August 2005

Joan of Arc

Joan of Arc © Aris Dervis 2005

© Aris Dervis 2005

Joan of Arc

Feast Day

May 30

What famous author made this statement?

"I like Joan of Arc best of all my books; and it is the best, I know it perfectly well. And besides, it's furnished me seven times the pleasure afforded me by any of the others; twelve years of preparation, and two years of writing. The others needed no preparation and got none."

Born in France in 1411, Joan's story is one of extraordinary bravery and even more extraordinary betrayal. At the age of 14, the peasant girl began hearing voices that urged her to help France defend itself against English invaders. She led her soldiers on a successful campaign in Orleans resulting in the crowning of the dauphin, Charles VII.

Here is an account from Heaven Help Us by Alice and Clare LaPlante.

"Naturally, it was all downhill from Charles VII's crowning. Joan knew from her friendly voices that she was living on borrowed time. Suspicion and jealousy of her grew from all sides: the court, the Church, the army. Even Charles abandoned her at the end, showing that no good deed goes unpunished. The Duke of Burgundy captured and imprisoned her, and sold her to the English. The Brits put her on trial for witchcraft during which the simple unschooled farm girl was taunted and ultimately condemned for her lack of theological knowledge. She was burned at the stake in 1431."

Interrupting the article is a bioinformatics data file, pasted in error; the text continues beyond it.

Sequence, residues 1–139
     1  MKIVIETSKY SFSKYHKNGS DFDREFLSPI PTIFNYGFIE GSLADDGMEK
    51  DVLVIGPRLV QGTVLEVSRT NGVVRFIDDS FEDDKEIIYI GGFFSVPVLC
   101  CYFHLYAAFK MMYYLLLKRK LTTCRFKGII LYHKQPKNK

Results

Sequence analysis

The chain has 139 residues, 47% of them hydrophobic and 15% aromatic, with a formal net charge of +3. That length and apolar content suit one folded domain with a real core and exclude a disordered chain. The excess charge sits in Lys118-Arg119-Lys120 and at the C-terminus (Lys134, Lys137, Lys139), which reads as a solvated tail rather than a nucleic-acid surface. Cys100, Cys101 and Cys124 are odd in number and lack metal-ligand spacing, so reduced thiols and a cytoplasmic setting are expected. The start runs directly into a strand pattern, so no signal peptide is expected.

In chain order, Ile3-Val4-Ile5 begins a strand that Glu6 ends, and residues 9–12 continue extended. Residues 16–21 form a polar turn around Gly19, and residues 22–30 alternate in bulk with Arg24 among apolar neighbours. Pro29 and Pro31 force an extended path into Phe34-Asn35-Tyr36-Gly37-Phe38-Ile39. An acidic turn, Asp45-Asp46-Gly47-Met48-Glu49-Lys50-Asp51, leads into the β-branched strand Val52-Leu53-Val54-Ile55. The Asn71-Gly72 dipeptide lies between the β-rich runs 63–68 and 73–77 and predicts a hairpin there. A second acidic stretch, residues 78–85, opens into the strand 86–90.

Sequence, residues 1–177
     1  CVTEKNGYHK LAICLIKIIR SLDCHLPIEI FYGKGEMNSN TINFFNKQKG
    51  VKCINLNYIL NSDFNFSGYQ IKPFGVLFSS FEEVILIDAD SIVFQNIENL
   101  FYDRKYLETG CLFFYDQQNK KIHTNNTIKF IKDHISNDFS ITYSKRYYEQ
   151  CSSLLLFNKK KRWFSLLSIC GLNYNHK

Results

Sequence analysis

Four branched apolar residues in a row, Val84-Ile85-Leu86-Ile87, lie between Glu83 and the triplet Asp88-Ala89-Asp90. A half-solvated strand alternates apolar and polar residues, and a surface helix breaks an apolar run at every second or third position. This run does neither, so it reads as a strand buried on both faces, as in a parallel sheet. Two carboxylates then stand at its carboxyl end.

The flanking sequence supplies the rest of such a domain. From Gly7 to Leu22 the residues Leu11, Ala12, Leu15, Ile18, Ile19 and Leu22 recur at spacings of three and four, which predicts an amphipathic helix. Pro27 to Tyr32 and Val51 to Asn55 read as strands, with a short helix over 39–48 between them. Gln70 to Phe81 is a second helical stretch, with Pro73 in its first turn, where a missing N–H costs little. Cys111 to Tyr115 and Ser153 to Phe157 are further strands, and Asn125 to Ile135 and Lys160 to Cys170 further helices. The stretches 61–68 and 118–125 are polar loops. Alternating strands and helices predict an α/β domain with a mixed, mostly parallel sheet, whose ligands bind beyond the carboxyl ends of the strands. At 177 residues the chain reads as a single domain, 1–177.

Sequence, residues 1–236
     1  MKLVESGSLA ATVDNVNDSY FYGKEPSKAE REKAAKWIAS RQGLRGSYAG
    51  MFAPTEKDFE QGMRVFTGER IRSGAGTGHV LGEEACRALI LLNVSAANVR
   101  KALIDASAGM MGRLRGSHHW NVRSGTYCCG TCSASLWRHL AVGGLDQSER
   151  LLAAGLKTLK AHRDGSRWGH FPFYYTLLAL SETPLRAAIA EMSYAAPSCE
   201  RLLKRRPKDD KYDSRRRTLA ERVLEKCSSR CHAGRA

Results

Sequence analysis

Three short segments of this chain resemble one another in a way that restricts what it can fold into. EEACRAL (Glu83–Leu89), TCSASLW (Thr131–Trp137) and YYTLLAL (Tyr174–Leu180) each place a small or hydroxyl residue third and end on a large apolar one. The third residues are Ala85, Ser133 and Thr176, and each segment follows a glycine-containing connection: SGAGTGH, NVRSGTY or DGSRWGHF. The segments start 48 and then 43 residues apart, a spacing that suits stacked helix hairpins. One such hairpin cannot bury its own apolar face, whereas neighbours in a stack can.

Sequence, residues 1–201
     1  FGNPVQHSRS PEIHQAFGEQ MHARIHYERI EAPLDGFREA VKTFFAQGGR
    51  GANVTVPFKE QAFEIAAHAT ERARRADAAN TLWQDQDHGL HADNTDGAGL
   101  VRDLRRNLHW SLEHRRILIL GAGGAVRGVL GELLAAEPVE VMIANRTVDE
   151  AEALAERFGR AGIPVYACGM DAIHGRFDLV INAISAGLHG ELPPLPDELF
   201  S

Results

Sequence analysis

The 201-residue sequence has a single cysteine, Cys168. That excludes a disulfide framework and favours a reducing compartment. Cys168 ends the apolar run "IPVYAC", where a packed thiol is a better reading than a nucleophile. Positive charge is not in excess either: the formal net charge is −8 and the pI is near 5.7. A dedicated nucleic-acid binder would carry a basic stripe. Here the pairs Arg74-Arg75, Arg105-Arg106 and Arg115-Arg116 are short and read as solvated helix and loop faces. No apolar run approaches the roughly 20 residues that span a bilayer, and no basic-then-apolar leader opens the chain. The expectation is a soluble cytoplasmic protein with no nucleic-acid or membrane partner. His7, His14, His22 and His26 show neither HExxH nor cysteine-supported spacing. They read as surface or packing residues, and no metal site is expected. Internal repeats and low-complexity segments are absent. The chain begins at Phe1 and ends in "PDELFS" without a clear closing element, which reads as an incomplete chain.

The actual charge that brought Joan down was cross-dressing. 500 years later Pope Benedict XV declared her a saint.

Riverside Drive and 93rd Street is the home of the Joan of Arc monument, unveiled in 1915, by none other than Mrs. Thomas Alva Edison. It was created by Anna Vaughan Hyatt Huntington (1876-1973). To me, the most amazing part of the monument is the pedestal, which contains limestone blocks from the tower in Rouen where Joan was imprisoned. Although I've lived on Joan of Arc Island since 1977 and have walked by the statue almost every day, I learned about the reliquary aspect last week.

One of the most poignant sights after 9/11 was the placement of an American flag in the horse's mouth, a feat that required a climb of nearly two stories.

Many years ago I was walking with my 6-year-old niece, Linea. I pointed out the statue of Joan and told Linea that she was burned at the stake. "Was that a barbecue?" Linea wondered. She had similar issues when told her father might be "fired."

The author? Mark Twain.